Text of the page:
Testimony begins this week in the trial of Jasiel Correia, the former mayor of Fall River accused of taking $600,000 in bribes from marijuana companies and defrauding investors in a company he founded before taking office.

Correia’s attorney, Kevin Reddington, offered a first glimpse of the defense’s strategy during opening arguments on Monday, pounding the table and challenging the government to find a single document where Correia promised investors he would not draw income from his startup SnoOwl. The company’s stated intention was to build an app that would connect business owners with social media users looking for local promotions and discounts.

Reddington said Correia openly used SnoOwl’s bank account for personal expenses because they were a legitimate form of compensation.

“You can see every expense that was made,” Reddington said. “He wasn't hiding anything.”

Prosecutors claim Correia misled investors by promising not to draw a salary, then spending almost two-thirds of the company’s money on personal expenses, including a sports car, designer clothing, and payments for his student loans from Providence College. 

“The evidence will show he didn't use most of the money for the app,” said Assistant U.S Attorney Zachary Hafer, the case’s lead prosecutor. “He used it to buy nice things for himself and his girlfriend.”

Prosecutors called four witnesses on Monday, all of them former partners or investors in businesses Correia founded around the time of his graduation from Providence College in 2013.

One of the witnesses, a software developer named Christopher Mello, described meeting Correia while the future mayor was working as a salesman at Nordstrom. Mello had visited the Providence Place Mall to buy shoes, but left convinced enough by Corriea’s pitch to eventually become a partner in his company.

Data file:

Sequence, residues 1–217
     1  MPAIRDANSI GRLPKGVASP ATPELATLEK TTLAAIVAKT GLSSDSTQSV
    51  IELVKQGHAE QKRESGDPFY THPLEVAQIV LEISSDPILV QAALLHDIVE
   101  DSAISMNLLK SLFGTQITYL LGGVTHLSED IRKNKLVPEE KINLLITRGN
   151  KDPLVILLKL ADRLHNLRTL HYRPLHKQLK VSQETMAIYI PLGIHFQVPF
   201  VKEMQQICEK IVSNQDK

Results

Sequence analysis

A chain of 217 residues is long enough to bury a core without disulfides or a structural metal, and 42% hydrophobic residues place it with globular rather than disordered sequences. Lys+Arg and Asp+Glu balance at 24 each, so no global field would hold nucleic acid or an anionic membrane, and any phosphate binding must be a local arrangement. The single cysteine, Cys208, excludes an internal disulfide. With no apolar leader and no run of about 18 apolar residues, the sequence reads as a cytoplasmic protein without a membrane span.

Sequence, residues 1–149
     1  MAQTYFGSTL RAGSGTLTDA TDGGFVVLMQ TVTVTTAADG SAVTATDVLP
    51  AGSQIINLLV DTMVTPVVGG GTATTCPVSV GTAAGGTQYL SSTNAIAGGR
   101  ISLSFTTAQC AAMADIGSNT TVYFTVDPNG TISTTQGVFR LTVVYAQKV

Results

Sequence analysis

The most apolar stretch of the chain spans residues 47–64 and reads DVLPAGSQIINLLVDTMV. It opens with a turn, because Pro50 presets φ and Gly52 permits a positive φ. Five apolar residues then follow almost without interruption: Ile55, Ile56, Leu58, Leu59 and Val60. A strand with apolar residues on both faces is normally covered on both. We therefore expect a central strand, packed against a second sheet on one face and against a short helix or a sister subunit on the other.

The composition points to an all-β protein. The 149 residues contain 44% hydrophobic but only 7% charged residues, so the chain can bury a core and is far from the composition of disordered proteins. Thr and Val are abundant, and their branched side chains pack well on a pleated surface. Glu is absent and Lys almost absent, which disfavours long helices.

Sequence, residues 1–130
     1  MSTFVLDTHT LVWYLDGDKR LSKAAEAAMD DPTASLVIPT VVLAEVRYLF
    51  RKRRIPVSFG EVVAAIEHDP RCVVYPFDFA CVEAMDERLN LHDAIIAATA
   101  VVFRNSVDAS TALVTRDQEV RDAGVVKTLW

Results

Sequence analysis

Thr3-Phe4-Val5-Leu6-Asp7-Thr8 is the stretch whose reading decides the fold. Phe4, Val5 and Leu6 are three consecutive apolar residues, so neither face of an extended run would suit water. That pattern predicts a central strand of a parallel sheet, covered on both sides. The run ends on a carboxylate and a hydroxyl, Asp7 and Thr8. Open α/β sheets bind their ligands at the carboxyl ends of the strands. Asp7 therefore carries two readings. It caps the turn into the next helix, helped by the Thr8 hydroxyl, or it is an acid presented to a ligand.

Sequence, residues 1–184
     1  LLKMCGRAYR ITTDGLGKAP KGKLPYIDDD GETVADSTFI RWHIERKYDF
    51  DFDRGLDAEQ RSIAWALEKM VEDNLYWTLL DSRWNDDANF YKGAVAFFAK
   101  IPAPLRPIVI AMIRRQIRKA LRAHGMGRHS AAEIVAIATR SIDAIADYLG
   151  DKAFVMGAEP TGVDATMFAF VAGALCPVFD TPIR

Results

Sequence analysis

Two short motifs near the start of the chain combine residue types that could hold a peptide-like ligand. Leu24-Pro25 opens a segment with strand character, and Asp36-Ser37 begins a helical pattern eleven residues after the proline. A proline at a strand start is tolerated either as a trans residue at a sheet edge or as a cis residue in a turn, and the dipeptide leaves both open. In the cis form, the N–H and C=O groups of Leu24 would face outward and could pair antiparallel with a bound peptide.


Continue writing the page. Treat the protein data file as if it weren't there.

Mello and another founder of SnoOwl, Christopher Parayno, testified they never made money from SnoOwl. Both said they were unaware Correia was spending tens of thousands of dollars on personal expenses. Parayno, who was later hired as Correia’s chief of staff at City Hall, could return to the witness stand later in the trial. 

Prosecutors plan to present evidence in the case chronologically, starting with SnoOwl and addressing the bribery and extortion Correia allegedly participated in as mayor later on.

“When the defendant ran for mayor in 2015, he held himself out as a successful businessman even though he knew he defrauded the investors in SnoOwl, and even though he knew SnoOwl was on the brink of collapse,” Hafer said, adding allegations that Correia went on to create "a government of extortion and bribery."

“You will hear there was a price to do business in Fall river, a price set by that man," he continued.

Reddington has already begun the work of discrediting upcoming testimony from marijuana vendors, all of whom were granted immunity to describe the bribes they allegedly paid Correia. And he argued the middlemen accused of passing the bribes onto Correia have exaggerated the former mayor’s role in soliciting the money, in exchange for plea deals that are expected to lead to lighter sentences.

“What makes people lie?” Reddington asked the jury on Monday. “Do you think seven years in jail is enough?”

Reddington also asked jurors to question the broadness of the case, which covers crimes committed inside and outside of city government over a six-year period. Reddington said federal agents “practically occupied City Hall.” 

“They investigated him because of fire trucks, trash,” Reddington said. “They investigated him for everything.”

Tuesday’s hearing is expected to begin with more testimony from Dr. David Cabeceiras, an orthodontist and early SnoOwl investor who concluded Monday’s proceedings by testifying that he gave the company $150,000 and never received a penny back.

Ben Berke is the South Coast Bureau Reporter for The Public’s Radio. He can be reached at bberke@thepublicsradio.org.